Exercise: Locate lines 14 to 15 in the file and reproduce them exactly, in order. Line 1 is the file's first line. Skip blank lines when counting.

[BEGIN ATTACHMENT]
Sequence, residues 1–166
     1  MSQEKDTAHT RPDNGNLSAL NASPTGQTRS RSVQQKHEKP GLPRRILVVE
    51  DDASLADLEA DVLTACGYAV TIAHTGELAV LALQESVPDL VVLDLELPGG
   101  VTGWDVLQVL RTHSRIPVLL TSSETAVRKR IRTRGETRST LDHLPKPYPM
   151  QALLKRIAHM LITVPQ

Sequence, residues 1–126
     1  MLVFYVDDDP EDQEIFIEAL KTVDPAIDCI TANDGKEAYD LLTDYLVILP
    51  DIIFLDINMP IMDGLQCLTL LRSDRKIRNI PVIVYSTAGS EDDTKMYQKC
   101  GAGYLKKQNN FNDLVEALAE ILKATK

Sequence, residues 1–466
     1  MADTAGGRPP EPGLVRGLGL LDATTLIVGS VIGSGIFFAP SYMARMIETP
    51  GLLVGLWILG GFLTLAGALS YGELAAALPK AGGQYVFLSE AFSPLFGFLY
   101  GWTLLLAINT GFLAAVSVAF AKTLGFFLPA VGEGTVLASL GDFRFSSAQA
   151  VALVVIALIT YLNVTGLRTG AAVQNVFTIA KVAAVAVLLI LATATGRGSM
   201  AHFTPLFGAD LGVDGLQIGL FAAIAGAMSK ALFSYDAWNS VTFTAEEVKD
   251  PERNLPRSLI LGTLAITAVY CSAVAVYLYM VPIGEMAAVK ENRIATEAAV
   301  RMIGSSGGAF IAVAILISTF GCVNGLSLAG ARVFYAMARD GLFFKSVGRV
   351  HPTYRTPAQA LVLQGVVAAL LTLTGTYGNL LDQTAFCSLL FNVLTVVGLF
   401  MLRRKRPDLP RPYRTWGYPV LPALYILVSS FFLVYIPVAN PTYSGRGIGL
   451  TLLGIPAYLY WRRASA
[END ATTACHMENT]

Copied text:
   151  VALVVIALIT YLNVTGLRTG AAVQNVFTIA KVAAVAVLLI LATATGRGSM
   201  AHFTPLFGAD LGVDGLQIGL FAAIAGAMSK ALFSYDAWNS VTFTAEEVKD